Figure 3: Postoperative X-ray, suture line, current X-ray, and present knee range of movement (a–f).

3. Discussion

The aim of reporting this case is to highlight the double-tension wire management and use of single-stage double-tension wire management of an old neglected nonunion patellar fracture. In the procedure, the proximal fragment was mobilized and fixed with the lower fragment using V-Y plasty and double-tension band wires. The objective during the surgery was to achieve fractional lengthening in order to prevent quadriceps lag in patients of nonunion of patellar fractures with large gaps between the fracture fragments. The rate of nonunion in patellar fractures is about 2.7% [3]. There are few cases reported in the management of such fractures. All of these cases of displaced fracture of the patella required operative intervention. The patients generally land up with a gap nonunion due to ignorance as they walk full-weight-bearing post fracture without surgical intervention. The normal tensile force across a patella is around 3000 N, which increases up to 6000 N in athletes. The generated patellofemoral compressive forces are three times greater than that of the body weight during routine daily activities and may exceed seven times the body weight while climbing stairs and squatting. These forces only act on the proximal pole in fractures associated with tears in the medial and lateral expansions. The integrity of the medial and lateral expansions along with the anterior fascia lata and Sharpey’s fibres allows active extension of the knee after patellar fracture. Unopposed passage of these forces, as in our case, allows a continuous increase in the gap between the fragments leading to the contracture of the proximal quadriceps mechanism. The available supporting literature on such presentation is shown in Table 1.

Table 1: Various studies comparing different modalities of treatment for nonunion patella.

The problem with double-stage surgeries is that the presence of Ilizarov or skeletal traction poses a mental trauma to the patient along with surgical complications like bone weakening, pin loosening, pin tract infection, and prolonged duration of treatment. Yet double-stage surgeries have been reported with good results as shown by Dhar and Mir [7].

We opted for single-stage procedure, i.e., proximal fragment mobilization and fixation with the lower fragment/patellar tendon using V-Y/Z-plasty and achieving fractional lengthening. The supplementary fixation with neutralization wire in the region of the patellar tendon not only acted as an internal bracing during the initial rehabilitative period but also as a compressive force that shortens an already contracted patellar tendon. In addition, it also helps in securing the reduction by decreasing the tensile forces, which are exerted by the quadriceps muscle during knee flexion. One major risk with this procedure is overtightening of the neutralization wire resulting in the patella baja. In order to ensure the correct length of the neutralization, an image intensifier should be used intraoperatively to assess and compare the distance of the tibial tuberosity and the distal pole of the patella of the contralateral knee. Moreover, biomechanical assessment of the tension band wire shows that it fails at maximum load of about 695 N after osteosynthesis of the patella. Other methods of treatment like conservative technique and patellectomy are also practiced. In the conservative method, the stability and alignment of fracture fragments are confirmed at 60 degrees of flexion under an image intensifier with no dislocation. The initial restriction of knee flexion is provided by a suitable orthosis, which is gradually increased during the course of treatment. The major risk of conservative management is loss of full extension and stiffness of the knee, which are undesirable especially in a young patient. Patellectomy is another commonly practiced salvage procedure [3, 8]. This results in devastating problems like long periods of rehabilitation, anterior knee pain, restricted range of motion, incidents of giving way, swelling, and substantial reduction in strength of the quadriceps. Patellectomy compromises the length of the lever arm of the external apparatus mechanism, thereby causing excessive stress on the knee joint during extension [9, 10]. This ultimately causes early degenerative changes and is therefore a relative contraindication for young individuals [10]. An ideal management protocol for nonunion patellar fracture does not exist, and little literature is available about the results of different approaches. Of many techniques available, we believe that quadricepsplasty with double-tension band wiring is a superior modality of treatment and should be used for patients with such an unusual presentation.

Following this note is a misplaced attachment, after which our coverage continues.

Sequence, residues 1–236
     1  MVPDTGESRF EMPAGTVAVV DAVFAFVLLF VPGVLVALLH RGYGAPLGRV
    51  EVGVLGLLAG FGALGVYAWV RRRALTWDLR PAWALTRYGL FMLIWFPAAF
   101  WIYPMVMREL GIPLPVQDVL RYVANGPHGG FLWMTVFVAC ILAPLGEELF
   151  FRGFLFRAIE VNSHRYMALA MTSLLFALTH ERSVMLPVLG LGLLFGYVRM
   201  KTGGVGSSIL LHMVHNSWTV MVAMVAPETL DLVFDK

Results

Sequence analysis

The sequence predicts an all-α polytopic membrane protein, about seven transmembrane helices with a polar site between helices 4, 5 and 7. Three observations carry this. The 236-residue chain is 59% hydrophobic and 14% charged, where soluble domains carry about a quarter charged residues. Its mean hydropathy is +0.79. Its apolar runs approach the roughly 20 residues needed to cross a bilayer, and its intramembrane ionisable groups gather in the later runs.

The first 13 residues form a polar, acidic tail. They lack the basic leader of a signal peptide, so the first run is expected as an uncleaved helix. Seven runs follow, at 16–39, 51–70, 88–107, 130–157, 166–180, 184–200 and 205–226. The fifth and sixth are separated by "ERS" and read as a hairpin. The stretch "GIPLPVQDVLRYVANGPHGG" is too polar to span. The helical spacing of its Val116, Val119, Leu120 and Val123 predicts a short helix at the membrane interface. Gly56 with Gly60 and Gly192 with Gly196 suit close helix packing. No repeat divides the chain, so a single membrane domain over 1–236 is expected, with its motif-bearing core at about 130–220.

4. Conclusion

We conclude that quadricepsplasty with double-tension band wire management is a good surgical measure in treatment of nonunion patella with quadriceps contracture.

Conflicts of Interest

The authors declare that there is no conflict of interest regarding the publication of this paper.